The CPU doesn't know or care about "context switches" or software threads. All it sees is some store and load instructions. (e.g. in the OS's context-switch code where it saves the old register state and loads the new register state)
The cardinal rule of out-of-order execution is that it must not break a single instruction stream. Code must run as if every instruction executed in program order, and all its side-effects finished before the next instruction starts. This includes software context-switching between threads on a single core. e.g. a single-core machine or green-threads within on process.
(Usually we state this rule as not breaking single-threaded code, with the understanding of what exactly that means; weirdness can only happen when an SMP system loads from memory locations stored by other cores).
As far as I know single-core CPUs too reorder memory accesses (if their memory model is weak)
But remember, other threads aren't observing memory directly with a logic analyzer, they're just running load instructions on that same CPU core that's doing and tracking the reordering.
If you're writing a device driver, yes you might have to actually use a memory barrier after a store to make sure it's actually visible to off-chip hardware before doing a load from another MMIO location.
Or when interacting with DMA, making sure data is actually in memory, not in CPU-private write-back cache, can be a problem. Also, MMIO is usually done in uncacheable memory regions that imply strong memory ordering. (x86 has cache-coherent DMA so you don't have to actually flush back to DRAM, only make sure its globally visible with an instruction like x86
mfence that waits for the store buffer to drain. But some non-x86 OSes that had cache-control instructions designed in from the start do requires OSes to be aware of it. i.e. to make sure cache is invalidated before reading in new contents from disk, and to make sure it's at least written back to somewhere DMA can read from before asking a device to read from a page.)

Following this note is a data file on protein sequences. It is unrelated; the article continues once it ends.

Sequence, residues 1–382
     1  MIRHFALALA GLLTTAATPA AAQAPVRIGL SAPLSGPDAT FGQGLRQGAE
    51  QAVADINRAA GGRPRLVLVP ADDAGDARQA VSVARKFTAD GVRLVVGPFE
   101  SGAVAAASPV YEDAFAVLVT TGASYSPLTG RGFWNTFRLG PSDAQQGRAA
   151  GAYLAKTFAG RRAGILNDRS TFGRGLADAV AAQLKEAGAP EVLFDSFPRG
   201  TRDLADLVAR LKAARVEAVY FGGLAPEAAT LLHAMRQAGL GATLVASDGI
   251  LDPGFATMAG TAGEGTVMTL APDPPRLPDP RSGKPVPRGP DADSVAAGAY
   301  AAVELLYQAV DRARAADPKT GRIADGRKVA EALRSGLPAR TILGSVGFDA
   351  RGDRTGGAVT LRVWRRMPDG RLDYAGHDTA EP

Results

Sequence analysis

And BTW, even x86's "strong" memory model is only acq/rel, not seq_cst (except for RMW operations which are full barriers). (Or more specifically, a store buffer with store forwarding on top of sequential consistency). Stores can be delayed until after later loads. (StoreLoad reordering). See https://preshing.com/20120930/weak-vs-strong-memory-models/
so what makes sure the program order is preserved?
Hardware dependency tracking; loads snoop the store buffer to look for loads from locations that have recently been stored to. This makes sure loads take data from the last program-order write to any given memory location1.
Without this, code like
x = 1;
int tmp = x;
might load a stale value for
x. That would be insane and unusable (and kill performance) if you had to put memory barriers after every store for your own reloads to reliably see the stored values.
We need all instructions running on a single core to give the illusion of running in program order, according to the ISA rules. Only DMA or other CPU cores can observe reordering.
Footnote 1: If the address for older stores isn't available yet, a CPU may even speculate that it will be to a different address and load from cache instead of waiting for the store-data part of the store instruction to execute. If it guessed wrong, it will have to roll back to a known good state, just like with branch misprediction.
This is called "memory disambiguation". See also Store-to-Load Forwarding and Memory Disambiguation in x86 Processors for a technical look at it, including cases of narrow reload from part of a wider store, including unaligned and maybe spanning a cache-line boundary...